Narodowe Siły Zbrojne w PRL i na emigracji w latach 1945–1989 w świetle historiografii, publicystyki, literatury oraz filmu
National Military Forces in communist Poland and at the emigration in 1945–1989 according to historiography, journalism, literature and fi lms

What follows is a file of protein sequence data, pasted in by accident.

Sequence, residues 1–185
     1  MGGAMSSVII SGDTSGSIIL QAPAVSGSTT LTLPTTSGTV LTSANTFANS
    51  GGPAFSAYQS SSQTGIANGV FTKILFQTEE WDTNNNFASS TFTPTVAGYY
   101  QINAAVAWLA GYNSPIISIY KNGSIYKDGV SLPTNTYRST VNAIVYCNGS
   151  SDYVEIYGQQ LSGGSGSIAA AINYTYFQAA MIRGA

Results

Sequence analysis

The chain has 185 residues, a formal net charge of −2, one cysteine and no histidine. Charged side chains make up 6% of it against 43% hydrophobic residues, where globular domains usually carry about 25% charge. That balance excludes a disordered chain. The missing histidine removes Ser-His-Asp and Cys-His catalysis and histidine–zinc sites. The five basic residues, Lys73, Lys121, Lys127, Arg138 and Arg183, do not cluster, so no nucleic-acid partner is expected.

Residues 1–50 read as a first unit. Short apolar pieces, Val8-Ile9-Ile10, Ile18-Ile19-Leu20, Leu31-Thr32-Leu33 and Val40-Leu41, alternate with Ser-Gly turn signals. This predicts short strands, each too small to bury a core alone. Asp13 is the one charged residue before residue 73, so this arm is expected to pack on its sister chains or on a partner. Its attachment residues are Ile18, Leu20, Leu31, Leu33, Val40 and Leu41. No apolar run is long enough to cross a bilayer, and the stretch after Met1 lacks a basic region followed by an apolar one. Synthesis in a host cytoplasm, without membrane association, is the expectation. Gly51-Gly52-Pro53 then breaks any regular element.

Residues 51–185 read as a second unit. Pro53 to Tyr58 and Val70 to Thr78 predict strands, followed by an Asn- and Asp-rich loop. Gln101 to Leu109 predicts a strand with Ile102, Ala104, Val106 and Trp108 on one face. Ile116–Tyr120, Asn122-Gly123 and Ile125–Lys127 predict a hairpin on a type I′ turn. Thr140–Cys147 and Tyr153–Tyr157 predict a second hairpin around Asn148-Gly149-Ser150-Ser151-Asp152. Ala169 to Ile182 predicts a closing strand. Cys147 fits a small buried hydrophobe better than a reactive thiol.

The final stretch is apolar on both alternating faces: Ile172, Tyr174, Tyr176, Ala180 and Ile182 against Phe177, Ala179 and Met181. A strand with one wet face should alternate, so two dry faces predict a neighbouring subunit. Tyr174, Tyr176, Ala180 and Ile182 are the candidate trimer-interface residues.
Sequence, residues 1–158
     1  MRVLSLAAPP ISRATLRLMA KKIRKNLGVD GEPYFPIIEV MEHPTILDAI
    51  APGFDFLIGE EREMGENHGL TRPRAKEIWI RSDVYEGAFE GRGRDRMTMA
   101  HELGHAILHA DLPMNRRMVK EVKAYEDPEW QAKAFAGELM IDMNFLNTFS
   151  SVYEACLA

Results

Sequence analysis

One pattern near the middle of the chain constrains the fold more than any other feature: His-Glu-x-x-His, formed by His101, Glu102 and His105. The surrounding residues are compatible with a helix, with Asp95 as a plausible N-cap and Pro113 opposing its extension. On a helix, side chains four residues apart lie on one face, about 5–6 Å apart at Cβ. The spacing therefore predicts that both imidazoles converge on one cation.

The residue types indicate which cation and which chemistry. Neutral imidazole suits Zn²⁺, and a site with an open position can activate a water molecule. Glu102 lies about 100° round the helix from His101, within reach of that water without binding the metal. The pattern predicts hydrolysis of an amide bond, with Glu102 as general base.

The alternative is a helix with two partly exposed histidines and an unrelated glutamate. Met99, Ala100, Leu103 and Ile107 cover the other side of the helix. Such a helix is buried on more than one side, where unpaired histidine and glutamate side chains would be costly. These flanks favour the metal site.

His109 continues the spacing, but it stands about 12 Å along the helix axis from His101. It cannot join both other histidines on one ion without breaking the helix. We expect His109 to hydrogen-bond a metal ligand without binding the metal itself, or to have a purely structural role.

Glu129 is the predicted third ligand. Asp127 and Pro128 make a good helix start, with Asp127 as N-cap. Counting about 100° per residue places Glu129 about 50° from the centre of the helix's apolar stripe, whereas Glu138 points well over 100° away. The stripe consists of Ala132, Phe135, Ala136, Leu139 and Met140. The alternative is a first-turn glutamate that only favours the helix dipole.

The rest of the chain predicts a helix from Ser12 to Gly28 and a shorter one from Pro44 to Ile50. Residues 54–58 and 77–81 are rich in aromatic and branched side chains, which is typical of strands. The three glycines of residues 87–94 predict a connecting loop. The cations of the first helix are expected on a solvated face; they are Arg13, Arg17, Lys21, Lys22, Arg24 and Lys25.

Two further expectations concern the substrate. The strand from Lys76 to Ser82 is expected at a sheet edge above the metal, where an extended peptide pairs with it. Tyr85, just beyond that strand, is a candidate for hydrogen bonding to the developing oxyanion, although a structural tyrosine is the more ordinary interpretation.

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The article presents the picture of National Military Forces (Narodowe Siły Zbrojne – NSZ: Polish right-wing politic and military organisation acting during the WW2 and fighting soviet occupation) in Polish historiography, journalism, literature and film in 1945–1989 in Poland and at the emigration. NSZ has been treated not only as an object of historical researches, but also as an element of the world-view discussion. Communists ruling Poland in 1944–1989 treated the organisation as an enemy, consequently in most of official works written in communist Poland it was criticised, and the truth about it was replaced with misinformation. NSZ soldiers were usually presented as „bandits”, German collaborators, „enemies of the people”, imperialism agents, successors of magnat traditions in Poland, ruthless fanatics: anticommunists and anti-Semites. It should be added, that historical researches on NSZ were often based on incomplete and one-track sources. Many of Polish intellectuals, also activists of democratic opposition in the seventies and the eighties treated NSZ with reluctance, mainly because it was blamed of nationalism and antidemocratic and antiliberal approach. Only at the emigration more free discussion about NSZ was possible, although it was limited to subjective comments of ex-members of the organisation and their polemics with their opponents. A great contribution to remembering NSZ anticommunist traditions were put by Paris „Kultura” editor-in-chief and co-author of „Zeszyty Literackie” Jerzy Giedroyc. Inspired by him, Zbigniew S. Siemiaszko started researches on NSZ at the emigration and wrote the fi rst monograph about it. The article also mentions ways of describing activities of independence underground, who fought for power with the communists, in Poland before 1989. Moreover, author of the article tries to show emigration and Polish trends of writing and understanding modern history of Poland.
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